Key audit matters are those matters that, in the auditors’ professional judgement, were of most significance in the audit of the financial statements of the current period and include the most significant assessed risks of material misstatement (whether or not due to fraud) identified by the auditors, including those which had the greatest effect on: the overall audit strategy; the allocation of resources in the audit; and directing the efforts of the engagement team. These matters, and any comments we make on the results of our procedures thereon, were addressed in the context of our audit of the financial statements as a whole, and in forming our opinion thereon, and we do not provide a separate opinion on these matters. This is not a complete list of all risks identified by our audit.
Key audit matter
How our audit addressed the key audit matter
Morbidity assumptions used in the valuation of the long term business insurance contracts (group and Society)
Refer to page 28 (Audit Committee Report), page 51 (accounting policies) and note 22 to the financial statements
The group and Society financial statements include long term insurance contracts for the estimated cost of settling claims associated with income protection and life products.
We focused on the morbidity assumptions to which the valuation is most sensitive. The directors derive these assumptions with reference to historical experience and the application of expert judgement.
Our work to address the valuation of the long term insurance contracts was supported by our in-house actuarial specialists and included the following procedures:
Through the procedures detailed above, we have found the morbidity assumptions used to value the long terminsurance contracts were supported by the evidence obtained.
How we tailored the audit scope
We tailored the scope of our audit to ensure that we performed enough work to be able to give an opinion on the financial statements as a whole, taking into account the geographic structure of the group and the Society, the accounting processes and controls, and the industry in which it operates.
The group consists of one financially significant component, being Exeter Friendly Society Limited (the 'Society'). This reporting component is the ultimate parent company in the group and required an audit of its complete financial information which was performed by the group engagement team. The group has one other trading company, a holding company and three dormant entities. None of these reporting units were material to the audit of the group financial statements and therefore were not subject to specific audit procedures.
There is a centralised finance function which oversees all reporting units within the group. In addition to the head office in Exeter, we visited one other location where our testing primarily focused on the recording and processing of Private Medical Insurance ('PMI') claims at the Society.
The scope of our audit was influenced by our application of materiality. We set certain quantitative thresholds for materiality. These, together with qualitative considerations, helped us to determine the scope of our audit and the nature, timing and extent of our audit procedures on the individual financial statement line items and disclosures and in evaluating the effect of misstatements, both individually and on the financial statements as a whole.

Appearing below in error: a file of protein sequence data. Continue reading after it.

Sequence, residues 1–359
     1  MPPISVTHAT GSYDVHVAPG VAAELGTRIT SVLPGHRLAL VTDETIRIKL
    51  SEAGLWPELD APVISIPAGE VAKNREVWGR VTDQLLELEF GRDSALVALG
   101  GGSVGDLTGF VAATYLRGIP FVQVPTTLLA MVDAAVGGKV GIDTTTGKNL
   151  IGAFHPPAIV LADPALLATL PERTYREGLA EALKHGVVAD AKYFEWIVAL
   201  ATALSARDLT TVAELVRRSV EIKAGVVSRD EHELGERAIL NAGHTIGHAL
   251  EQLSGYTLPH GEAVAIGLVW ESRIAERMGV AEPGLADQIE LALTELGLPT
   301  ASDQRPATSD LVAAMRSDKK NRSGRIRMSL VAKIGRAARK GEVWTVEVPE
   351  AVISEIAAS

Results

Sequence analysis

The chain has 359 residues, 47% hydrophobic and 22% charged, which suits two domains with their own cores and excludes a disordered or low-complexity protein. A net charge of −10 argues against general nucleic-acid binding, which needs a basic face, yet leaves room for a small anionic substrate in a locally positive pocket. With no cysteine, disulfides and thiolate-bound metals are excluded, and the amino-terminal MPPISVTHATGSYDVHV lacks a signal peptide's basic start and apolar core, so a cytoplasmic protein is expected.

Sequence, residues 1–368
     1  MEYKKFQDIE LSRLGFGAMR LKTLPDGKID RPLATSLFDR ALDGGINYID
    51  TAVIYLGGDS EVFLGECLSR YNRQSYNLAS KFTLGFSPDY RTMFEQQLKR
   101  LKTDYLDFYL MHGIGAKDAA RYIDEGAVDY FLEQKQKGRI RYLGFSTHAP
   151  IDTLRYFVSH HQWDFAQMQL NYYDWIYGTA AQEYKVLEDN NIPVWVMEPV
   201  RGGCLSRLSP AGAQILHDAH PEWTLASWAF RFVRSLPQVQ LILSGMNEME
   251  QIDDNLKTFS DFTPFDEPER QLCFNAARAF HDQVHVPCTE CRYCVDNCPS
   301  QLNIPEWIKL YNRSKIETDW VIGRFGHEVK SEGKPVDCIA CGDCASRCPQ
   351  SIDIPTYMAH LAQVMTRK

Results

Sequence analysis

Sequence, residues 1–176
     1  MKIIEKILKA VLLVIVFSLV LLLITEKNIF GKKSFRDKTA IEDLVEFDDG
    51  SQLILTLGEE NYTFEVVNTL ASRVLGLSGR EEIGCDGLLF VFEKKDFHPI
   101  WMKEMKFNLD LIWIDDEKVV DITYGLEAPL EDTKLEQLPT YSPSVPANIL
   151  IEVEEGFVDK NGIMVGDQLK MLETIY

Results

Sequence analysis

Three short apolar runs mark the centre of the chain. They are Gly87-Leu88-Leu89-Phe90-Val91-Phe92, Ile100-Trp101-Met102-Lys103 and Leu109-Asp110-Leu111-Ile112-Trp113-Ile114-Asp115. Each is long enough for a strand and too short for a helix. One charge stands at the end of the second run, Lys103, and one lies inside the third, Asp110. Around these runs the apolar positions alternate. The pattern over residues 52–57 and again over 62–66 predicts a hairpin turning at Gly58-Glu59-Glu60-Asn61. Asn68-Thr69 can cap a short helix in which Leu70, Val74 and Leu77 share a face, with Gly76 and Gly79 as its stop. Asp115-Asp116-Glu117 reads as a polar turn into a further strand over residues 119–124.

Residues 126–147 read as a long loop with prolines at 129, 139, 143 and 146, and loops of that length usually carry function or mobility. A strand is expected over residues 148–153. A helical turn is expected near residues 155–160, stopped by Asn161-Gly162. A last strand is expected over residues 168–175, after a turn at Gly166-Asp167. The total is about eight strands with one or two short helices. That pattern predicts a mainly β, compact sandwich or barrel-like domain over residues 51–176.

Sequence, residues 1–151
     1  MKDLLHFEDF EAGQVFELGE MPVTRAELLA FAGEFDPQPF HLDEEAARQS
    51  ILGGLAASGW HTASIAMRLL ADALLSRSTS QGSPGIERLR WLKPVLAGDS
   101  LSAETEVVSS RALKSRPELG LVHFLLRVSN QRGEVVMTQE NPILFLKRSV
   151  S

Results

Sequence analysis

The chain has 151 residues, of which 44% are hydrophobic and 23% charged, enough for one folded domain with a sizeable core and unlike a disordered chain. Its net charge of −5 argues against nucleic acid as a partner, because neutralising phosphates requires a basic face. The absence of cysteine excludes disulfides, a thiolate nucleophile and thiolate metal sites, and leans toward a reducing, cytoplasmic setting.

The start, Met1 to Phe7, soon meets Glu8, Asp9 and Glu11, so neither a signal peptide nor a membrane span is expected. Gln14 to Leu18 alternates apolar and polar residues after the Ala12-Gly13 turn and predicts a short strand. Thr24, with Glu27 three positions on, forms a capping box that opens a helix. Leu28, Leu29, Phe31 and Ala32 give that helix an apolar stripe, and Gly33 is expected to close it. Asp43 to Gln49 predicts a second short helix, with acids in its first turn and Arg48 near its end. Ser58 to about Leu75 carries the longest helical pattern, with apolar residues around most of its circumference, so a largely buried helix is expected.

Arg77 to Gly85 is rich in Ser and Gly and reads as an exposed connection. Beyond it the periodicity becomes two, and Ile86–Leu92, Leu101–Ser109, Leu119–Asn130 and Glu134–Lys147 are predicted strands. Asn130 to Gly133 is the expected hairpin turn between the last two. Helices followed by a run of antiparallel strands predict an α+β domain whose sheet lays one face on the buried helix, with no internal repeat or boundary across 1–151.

Based on our professional judgement, we determined materiality for the financial statements as a whole as follows:
Group financial statements
Society financial statements
£2,417,000 (2017: £1,991,000).
£2,291,000 (2017: £1,891,000).
How we determined it
1.3% of the group’s Unallocated Divisible Surplus (‘UDS’).
1.23% of the Society’s Unallocated Divisible Surplus (‘UDS’).
Rationale for benchmark applied
We consider the UDS to be the most relevant measure to apply as this represents the value of the members’ interests in the Society.
We consider the UDS to be the most relevant measure to apply as this represents the value of the members’ interests in the Society. To reduce the level of aggregation risk for the group audit, materiality for the Society has been restricted to ensure it does not exceed 95% of the group’s overall materiality.
For the one component in the scope of our group audit, we allocated a materiality that is less than our overall group materiality. The materiality allocated to this component was £2,291,000 (2017: £1,891,000).
We agreed with the Audit Committee that we would report to them misstatements identified during our audit above £120,850 (group audit) (2017: £99,000) and £114,550 (Society audit) (2017: 94,000) as well as misstatements below that amount that, in our view, warranted reporting for qualitative reasons.
Conclusions relating to going concern
ISAs (UK) require us to report to you when:
- the directors’ use of the going concern basis of accounting in the preparation of the financial statements is not appropriate; or
- the directors have not disclosed in the financial statements any identified material uncertainties that may cast significant doubt about the group’s and the Society’s ability to continue to adopt the going concern basis of accounting for a period of at least twelve months from the date when the financial statements are authorised for issue.
We have nothing to report in respect of the above matters.
However, because not all future events or conditions can be predicted, this statement is not a guarantee as to the group’s and the Society’s ability to continue as a going concern. For example, the terms on which the United Kingdom may withdraw from the European Union, are not clear, and it is difficult to evaluate all of the potential implications on the group’s and Society’s trade, customers, suppliers and the wider economy.